Hair and Nails – The Herbs Place

Excerpts from ” A Closer Look at Hair and Nails by Jonathan Wright, M.D.

“I used to have such a full head of hair. It’s thinned out so much my husband’s starting to notice …. “Look at these fingernails! They won’t grow, they crack, they split, they peel and layer back. Gelatin and calcium don’t help …. I feel like a television commercial: dull, lifeless hair. It’s breaking a lot more than it used to I’m only 57, and my hair’s so thin on top you can see wide open spaces between each hair. I don’t want to be a bald granny!”

Even though fingernails and hair are common problem areas, there’s not much “priority research” being done. We don’t have a National Hair Loss Institute and no politicians are declaring war on split nails. Trying to find answers to hair and fingernail problems isn’t always easy.

What do you do when the bottle(s) of “hair vitamins” don’t work and your dermatologist says you don’t really have a problem, although you know better? You say you’ve taken enough calcium to turn to stone but your nails are as bad as ever. Nail hardener or silk or acrylic nails may cover up the problem but wouldn’t it be nicer, not to mention healthier, to grow your own?

The role of the Stomach In the words of a clinic visitor, “Usually when they can’t figure out what’s the matter with me, they tell me it’s all in my head. Now you’re telling me it’s all in my stomach. I suppose that’s progress, but my stomach isn’t bothering me. So what do you mean by that?”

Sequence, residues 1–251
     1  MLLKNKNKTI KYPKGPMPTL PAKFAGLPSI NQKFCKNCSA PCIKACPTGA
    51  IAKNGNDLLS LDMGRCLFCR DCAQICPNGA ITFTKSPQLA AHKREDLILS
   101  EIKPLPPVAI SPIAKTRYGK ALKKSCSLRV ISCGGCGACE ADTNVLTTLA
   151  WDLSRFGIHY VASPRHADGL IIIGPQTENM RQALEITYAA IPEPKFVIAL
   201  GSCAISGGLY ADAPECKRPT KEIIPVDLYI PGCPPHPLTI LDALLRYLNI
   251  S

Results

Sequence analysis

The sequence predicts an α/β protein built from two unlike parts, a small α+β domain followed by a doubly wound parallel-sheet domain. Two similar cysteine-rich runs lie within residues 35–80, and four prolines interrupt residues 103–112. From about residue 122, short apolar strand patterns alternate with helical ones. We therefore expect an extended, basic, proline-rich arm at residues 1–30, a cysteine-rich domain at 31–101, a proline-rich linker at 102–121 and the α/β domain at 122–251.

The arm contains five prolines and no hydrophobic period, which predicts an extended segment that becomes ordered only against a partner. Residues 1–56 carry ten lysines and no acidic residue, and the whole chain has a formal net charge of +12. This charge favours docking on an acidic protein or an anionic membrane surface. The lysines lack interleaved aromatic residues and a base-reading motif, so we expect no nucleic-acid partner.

One of the most common causes of excess hair loss and cracking, splitting, peeling, or chipping fingernails is a malfunctioning stomach , When our stomachs don’t make enough acid and pepsin (a major protein digesting enzyme), a wide variety of nutrients are “lost.” Amino acids (the “building blocks” of protein), minerals, vitamin B- 12, and folate head the list. With such a variety of nutrients impaired by a malfunctioning stomach, it’s not a surprise that something has to “give,” and the hair and nails, being presumably less essential to health, are often the first to go.

How do you know if your hair or nail difficulty may be due to an unsuspected stomach problem? It’s best to have your nutritionally oriented doctor’s help on this one. Symptoms are frequently subtle, and self-treatment has occasionally resulted in a visit to the emergency room. If present, symptoms may include upper abdominal bloating and gas, mostly after meals, constipation is common, but a few people have diarrhea instead. Heartburn can occur. (No, heartburn does not always indicate too much stomach acid!)

“My hair got really thin during my last pregnancy. It has never come back! About six months after the baby was born, I started noticing lots more hair in the tub and sink! Could it be birth control pills? What about the estrogen I’ve been taking?”

If you’ve lost hair during or after pregnancy or while taking hormones, think of folate first. Frequently, extra folate and a few months time are all that are necessary to reverse hormonally related hair loss.

Though hormones are often related to folate deficiency, hair loss can occur without any apparent hormonal association simply through poor eating habits.

Folate is said to be nontoxic but recent research indicates that folate and zinc probably interfere with each other’s absorption – another point to check with your doctor if you’re planning to take either one for any length of time.